There’s a growing trend in today’s marketplace that surpasses all industry boundaries and supersedes any previous model. That trend is getting closer to the customer and it’s every company’s goal.

You can see it in how they mine for customer information in order to customize and better market their products.

It makes sense that companies would want to establish relationships with the people using their products – that’s just good business sense. And this goal seems easy to achieve within companies that produce consumer goods like electronics and apparel, and who provide services like entertainment and transportation.

But what about complex products like insurance? Does a close manufacturer-consumer relationship make sense here too?

It used to be that manufacturers of insurance products, or insurance carriers, were content to rely primarily on agents to interact with the customer. These agents would educate the consumer on how various product types function and help them figure out which product could best address a financial concern. Because the agents were employees, the carrier could rely on steady sales without cultivating a personal relationship with the consumer. But now, because agents are largely independent and work through distributors, no carrier can count on agents to sell only their products and as a result have become eager to establish a direct connection with customers to ensure their survival.

I know because I saw it happening at a recent industry meeting. The meeting was geared toward distributors but a surprising number of insurance companies and reinsurers were there. Their presence indicated that they were trying to inch their way closer to the customer.

While I’m a great proponent of insurance companies dedicating themselves to pursuing a consumer-centric business focus and giving more thought to what consumers might want and need, I’m not convinced that direct carrier-to-consumer interaction best serves either party.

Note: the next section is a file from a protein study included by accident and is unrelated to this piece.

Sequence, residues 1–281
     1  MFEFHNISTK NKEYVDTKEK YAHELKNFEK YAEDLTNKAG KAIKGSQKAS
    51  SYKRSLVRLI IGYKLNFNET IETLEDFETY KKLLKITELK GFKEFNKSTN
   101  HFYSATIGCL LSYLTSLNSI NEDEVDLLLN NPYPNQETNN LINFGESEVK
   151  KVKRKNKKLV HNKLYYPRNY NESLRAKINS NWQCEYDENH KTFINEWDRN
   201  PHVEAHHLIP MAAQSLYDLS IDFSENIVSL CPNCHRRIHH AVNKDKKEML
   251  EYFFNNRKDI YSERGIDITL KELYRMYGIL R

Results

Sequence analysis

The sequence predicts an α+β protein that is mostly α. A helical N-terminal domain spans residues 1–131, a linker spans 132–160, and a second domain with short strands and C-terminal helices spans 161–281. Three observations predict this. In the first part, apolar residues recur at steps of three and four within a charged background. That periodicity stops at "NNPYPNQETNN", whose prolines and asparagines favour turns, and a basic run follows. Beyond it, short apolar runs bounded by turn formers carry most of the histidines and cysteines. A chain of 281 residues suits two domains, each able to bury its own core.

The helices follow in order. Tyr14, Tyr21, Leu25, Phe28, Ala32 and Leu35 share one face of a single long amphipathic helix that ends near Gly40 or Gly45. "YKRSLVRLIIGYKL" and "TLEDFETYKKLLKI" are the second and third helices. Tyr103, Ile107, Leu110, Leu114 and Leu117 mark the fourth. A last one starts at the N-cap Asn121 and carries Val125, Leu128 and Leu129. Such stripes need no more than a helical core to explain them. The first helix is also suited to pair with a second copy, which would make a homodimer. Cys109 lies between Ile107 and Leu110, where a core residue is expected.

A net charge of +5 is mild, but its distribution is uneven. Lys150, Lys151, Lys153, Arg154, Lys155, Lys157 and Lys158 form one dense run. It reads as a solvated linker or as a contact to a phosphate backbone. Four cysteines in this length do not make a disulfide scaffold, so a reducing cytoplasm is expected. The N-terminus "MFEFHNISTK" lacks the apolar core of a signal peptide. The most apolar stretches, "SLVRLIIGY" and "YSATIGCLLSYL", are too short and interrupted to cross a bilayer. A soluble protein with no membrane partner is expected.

On the consumer side, a product-impartial agent with multiple carrier relationships can help the customer find what best suits his or her needs. This way, customers aren’t limited to the offerings of only one carrier.

On the carrier side, the role of the agent helps them maximize their reach with fewer in-house resources. In this low-interest-rate environment, where insurance companies are hurting, they can’t effectively serve new customers and their in-force business simultaneously; they must (and do) prioritize current customers over new business. By sticking with the model of old and deploying agents, they don’t have to choose.

Rather than disrupting the carrier-distributor model, what carriers and distributors ought to consider is how they’ll manage the new customer relationships going forward.

In the digital age, the only real solution is the use of technology. But how do you develop technology when you’re operating on a lean employee base and have little flexibility in where you divert your budget?

Link by LegacyShield is a ready-made, customizable solution, offering customers a platform on which they can organize and track their investments with various providers as well as control the level and mode of engagement with both carrier and agent. Better yet, this tool allows for open dialogue between the carrier, distributor, and customer. In this collaborative environment, it’s much easier for the carrier and distributor to align and focus on the needs of the customer. The distributor no longer feels threatened by the carrier-customer contact because he or she is included in the process and the carrier can develop a rapport with its customers without damaging their agent relationships.


This convergence between insurance and technology is a burgeoning new market called InsurTech. While this market offers an unprecedented opportunity for insurers to evolve, the chief concern is that many operating in this space lack an understanding of how the industry operates. They’d sooner circumvent carriers and distributors altogether and develop their own disruptive model than spend time learning why the carrier-distributor-customer model works. Positioned smack in the middle of this market, what sets LegacyShield apart from its InsurTech competitors is that its founders have the industry experience and expertise necessary to successfully marry technology and insurance.

When technology and the selling of insurance are intelligently combined, we have incredible potential to help customers achieve financial security.

Dan Pierson

Dan Pierson

Dan Pierson is an insurance industry veteran, having run several insurance businesses and eventually selling a nationally recognized life insurance general agency. Dan started LegacyShield to help other insurance advisors grow their practices by focusing on the consumer experience.

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